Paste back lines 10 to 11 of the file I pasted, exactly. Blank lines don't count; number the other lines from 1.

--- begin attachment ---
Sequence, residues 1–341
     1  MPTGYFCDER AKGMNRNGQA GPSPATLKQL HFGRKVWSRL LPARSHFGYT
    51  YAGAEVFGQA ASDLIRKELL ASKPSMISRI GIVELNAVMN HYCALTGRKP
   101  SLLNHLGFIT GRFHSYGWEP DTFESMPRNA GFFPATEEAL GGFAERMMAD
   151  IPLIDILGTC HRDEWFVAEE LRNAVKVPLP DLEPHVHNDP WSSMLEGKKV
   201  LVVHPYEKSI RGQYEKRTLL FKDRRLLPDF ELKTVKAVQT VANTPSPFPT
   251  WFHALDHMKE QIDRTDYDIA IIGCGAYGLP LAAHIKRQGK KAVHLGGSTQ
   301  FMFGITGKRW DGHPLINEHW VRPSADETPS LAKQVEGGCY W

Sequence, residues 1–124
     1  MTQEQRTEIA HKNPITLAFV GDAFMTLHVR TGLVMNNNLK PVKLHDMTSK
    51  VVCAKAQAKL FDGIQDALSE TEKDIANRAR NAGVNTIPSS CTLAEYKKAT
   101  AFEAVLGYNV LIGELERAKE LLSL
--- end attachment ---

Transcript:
     1  MTQEQRTEIA HKNPITLAFV GDAFMTLHVR TGLVMNNNLK PVKLHDMTSK
    51  VVCAKAQAKL FDGIQDALSE TEKDIANRAR NAGVNTIPSS CTLAEYKKAT